Have you ever had a series of random experiences that somehow felt connected? I’m a strong believer in synchronicity, an idea first explored by Carl Jung and later adopted by others such as Julia Cameron. Synchronicity is when one encounters a series of “meaningful coincidences.” In religious language one might think of these coincidences as an “intervention of grace.” I like to think of them as an invitation to pay attention because something important is unfolding.
This past weekend my parents were in town celebrating my birthday. Saturday morning we drove down to Boulder, Colorado through fog so thick it left rain drops on our car before arriving at the farmer’s market. On the way down my mom told me about a book she’d read which explores the concept of a “fixed mindset” verses a “growth mindset.” I was intrigued by the idea and told myself, “I can’t forget this.” We soon reached our destination and I forgot all about the conversation. Sidewalks lined with fresh pastas, tables full of exotic mushrooms, and bunches of radishes displayed in an ombre of fuscia will make one forget just about anything. After loading up our shopping bags full of German rye bread, kombucha (drinking this fermented tea was a first for my parents), beeswax candles, homemade soaps, and chocolate truffles made of cocoa sourced directly from Mexican chocolate growers, we went to the Ku Cha House of Tea for four pots of perfectly brewed tea. We also managed to consume a “Jerusalem Plate” and Turkish coffee at a tiny restaurant called “Falafel” on Pearl Street somewhere in there. Then, last night, I was reading through the weekly installment of Brain Pickings and noticed a link entitled, “Fixed v.s. Growth.” I clicked on it and sure enough it was the exact concept my mom had told me about the day before.
The article explained that a “‘fixed mindset’ assumes that our character, intelligence, and creative ability are static givens which we can’t change in any meaningful way, and success is the affirmation of that inherent intelligence, an assessment of how those givens measure up against an equally fixed standard; striving for success and avoiding failure at all costs become a way of maintaining the sense of being smart or skilled. A ‘growth mindset,’ on the other hand, thrives on challenge and sees failure not as evidence of unintelligence but as a heartening springboard for growth and for stretching our existing abilities. Out of these two mindsets, which we manifest from a very early age, springs a great deal of our behavior, our relationship with success and failure in both professional and personal contexts, and ultimately our capacity for happiness.”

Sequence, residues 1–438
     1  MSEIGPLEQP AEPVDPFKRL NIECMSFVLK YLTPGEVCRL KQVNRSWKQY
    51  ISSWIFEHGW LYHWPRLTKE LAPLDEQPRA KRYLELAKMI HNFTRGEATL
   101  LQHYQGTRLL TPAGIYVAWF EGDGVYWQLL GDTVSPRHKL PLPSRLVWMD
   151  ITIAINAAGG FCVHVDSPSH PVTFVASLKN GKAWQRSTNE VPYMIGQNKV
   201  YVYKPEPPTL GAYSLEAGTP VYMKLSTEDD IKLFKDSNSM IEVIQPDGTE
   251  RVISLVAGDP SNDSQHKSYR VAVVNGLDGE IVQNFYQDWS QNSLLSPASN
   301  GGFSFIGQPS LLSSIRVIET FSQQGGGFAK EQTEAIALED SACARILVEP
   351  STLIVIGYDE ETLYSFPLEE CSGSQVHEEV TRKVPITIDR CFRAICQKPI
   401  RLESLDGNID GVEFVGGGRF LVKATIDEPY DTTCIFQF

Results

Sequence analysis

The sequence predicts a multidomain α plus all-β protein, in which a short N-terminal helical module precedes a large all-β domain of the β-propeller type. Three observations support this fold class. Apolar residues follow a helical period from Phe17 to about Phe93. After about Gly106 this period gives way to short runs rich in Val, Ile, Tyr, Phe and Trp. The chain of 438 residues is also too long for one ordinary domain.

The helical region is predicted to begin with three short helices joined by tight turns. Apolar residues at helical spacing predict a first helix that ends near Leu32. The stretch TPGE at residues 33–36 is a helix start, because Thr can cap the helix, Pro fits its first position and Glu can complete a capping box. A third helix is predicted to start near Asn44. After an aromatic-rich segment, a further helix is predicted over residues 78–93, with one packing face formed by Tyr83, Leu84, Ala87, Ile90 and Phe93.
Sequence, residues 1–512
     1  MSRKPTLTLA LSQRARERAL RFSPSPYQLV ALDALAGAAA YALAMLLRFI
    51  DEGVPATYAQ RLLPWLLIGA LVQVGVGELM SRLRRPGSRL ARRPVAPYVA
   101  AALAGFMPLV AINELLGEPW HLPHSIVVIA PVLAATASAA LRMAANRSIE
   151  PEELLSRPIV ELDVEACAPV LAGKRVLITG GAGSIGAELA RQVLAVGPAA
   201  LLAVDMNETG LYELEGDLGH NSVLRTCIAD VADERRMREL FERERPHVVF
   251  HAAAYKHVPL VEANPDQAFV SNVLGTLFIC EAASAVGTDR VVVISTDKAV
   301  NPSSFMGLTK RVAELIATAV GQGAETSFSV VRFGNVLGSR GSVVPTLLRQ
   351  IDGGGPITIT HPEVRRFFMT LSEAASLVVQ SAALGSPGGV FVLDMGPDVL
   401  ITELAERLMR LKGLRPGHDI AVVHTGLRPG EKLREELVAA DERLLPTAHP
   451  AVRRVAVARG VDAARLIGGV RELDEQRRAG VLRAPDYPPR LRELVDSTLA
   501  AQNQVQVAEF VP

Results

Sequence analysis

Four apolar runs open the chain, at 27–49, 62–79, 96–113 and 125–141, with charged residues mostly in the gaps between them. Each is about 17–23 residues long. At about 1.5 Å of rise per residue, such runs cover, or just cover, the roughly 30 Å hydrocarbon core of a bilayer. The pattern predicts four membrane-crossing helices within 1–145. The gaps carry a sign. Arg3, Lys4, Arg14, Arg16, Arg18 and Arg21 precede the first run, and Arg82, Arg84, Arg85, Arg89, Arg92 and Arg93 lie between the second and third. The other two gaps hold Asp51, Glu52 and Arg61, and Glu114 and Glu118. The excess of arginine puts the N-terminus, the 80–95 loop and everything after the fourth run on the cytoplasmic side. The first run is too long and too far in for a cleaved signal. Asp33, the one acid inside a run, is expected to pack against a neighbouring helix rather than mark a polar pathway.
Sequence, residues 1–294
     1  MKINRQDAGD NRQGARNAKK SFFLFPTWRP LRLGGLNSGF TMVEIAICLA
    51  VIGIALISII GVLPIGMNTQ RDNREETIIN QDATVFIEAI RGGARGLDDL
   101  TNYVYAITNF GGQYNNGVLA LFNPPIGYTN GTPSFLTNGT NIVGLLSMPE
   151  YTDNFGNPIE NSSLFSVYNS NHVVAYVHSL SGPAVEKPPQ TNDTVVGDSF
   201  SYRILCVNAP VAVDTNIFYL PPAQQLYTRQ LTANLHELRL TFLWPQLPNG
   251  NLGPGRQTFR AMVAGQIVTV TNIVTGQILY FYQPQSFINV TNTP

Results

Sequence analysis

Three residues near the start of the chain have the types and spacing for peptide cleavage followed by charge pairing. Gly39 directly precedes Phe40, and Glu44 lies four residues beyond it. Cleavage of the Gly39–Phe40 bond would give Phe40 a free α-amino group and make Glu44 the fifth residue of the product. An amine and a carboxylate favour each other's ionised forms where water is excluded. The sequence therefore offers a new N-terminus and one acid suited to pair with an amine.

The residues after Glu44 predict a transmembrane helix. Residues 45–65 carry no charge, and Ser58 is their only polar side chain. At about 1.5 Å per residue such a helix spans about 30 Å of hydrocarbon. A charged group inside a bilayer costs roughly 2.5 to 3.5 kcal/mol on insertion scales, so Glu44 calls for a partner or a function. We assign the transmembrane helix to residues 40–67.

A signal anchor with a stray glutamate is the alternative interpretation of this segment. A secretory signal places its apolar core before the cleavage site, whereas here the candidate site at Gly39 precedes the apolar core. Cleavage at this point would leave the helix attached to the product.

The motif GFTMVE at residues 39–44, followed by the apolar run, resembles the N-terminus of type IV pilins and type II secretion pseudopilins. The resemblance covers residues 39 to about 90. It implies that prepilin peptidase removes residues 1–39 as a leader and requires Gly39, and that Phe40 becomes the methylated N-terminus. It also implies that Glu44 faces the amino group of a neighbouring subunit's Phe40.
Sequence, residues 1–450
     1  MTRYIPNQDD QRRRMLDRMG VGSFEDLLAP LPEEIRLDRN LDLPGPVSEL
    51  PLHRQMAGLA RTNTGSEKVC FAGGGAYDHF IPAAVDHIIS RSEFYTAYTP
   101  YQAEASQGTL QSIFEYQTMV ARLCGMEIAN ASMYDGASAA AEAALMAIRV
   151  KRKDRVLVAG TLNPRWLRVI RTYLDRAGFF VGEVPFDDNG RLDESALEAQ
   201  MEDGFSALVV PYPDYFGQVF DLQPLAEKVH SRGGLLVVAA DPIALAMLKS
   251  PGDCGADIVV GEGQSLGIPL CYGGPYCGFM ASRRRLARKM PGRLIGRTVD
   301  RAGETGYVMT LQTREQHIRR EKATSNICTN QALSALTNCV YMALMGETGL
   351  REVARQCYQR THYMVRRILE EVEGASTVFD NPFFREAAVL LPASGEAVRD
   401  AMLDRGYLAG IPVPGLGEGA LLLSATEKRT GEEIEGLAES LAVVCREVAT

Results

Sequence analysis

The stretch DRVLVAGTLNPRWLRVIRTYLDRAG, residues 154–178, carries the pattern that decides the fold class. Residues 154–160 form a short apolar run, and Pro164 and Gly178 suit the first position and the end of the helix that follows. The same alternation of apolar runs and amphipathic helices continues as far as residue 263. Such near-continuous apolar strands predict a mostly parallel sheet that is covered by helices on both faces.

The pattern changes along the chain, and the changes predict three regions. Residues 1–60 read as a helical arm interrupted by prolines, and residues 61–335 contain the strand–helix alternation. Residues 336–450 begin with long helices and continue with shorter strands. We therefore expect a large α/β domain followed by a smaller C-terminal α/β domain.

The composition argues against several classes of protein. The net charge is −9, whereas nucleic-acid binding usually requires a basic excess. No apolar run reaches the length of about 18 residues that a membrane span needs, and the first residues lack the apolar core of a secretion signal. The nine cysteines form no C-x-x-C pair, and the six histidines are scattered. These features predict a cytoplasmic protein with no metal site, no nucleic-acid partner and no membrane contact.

After reading the article I feel confident I’m in the fixed mindset group. Which, of course, made me feel a tiny inkling of failure. But the good news is there’s still hope for me (and all fixed mindset folk). Just because I’ve had a limited understanding of myself in the past (and in the lingering present) doesn’t mean I can’t forge a new path. Stretching and growing is possible for anyone at any age.
This afternoon I heard part of an interview on NPR’s Here and Now with a man named David Norman. At 67 David is the oldest student in the graduating class of Columbia University. His Bachelor’s degree in Philosophy took him ten years to complete. Yet the truly remarkable thing about David is that he managed to do all of this after serving time in prison. In his former life, David sold and used drugs and killed a man in a street fight. He told host Robin Young, “Someone had once said to me or I read somewhere that if you want to better your life, find something bigger than yourself...” And that’s exactly what David did in pursuing a college degree that he says, “opened me up to ideas that I was not open to before.” Finding something bigger than ourselves invites growth and makes us bigger than we imagine ourselves to be.
So I say to myself and all of you fixed mindset folks out there, take heart, our lives are still unfolding. We have any number of endless possibilities and opportunities before us. The goal isn’t success, the goal is growth. Let’s go out there and find something bigger than ourselves.
Would you describe yourself as having a “fixed mindset” or “growth mindset”?
Name something bigger than yourself that you can do today.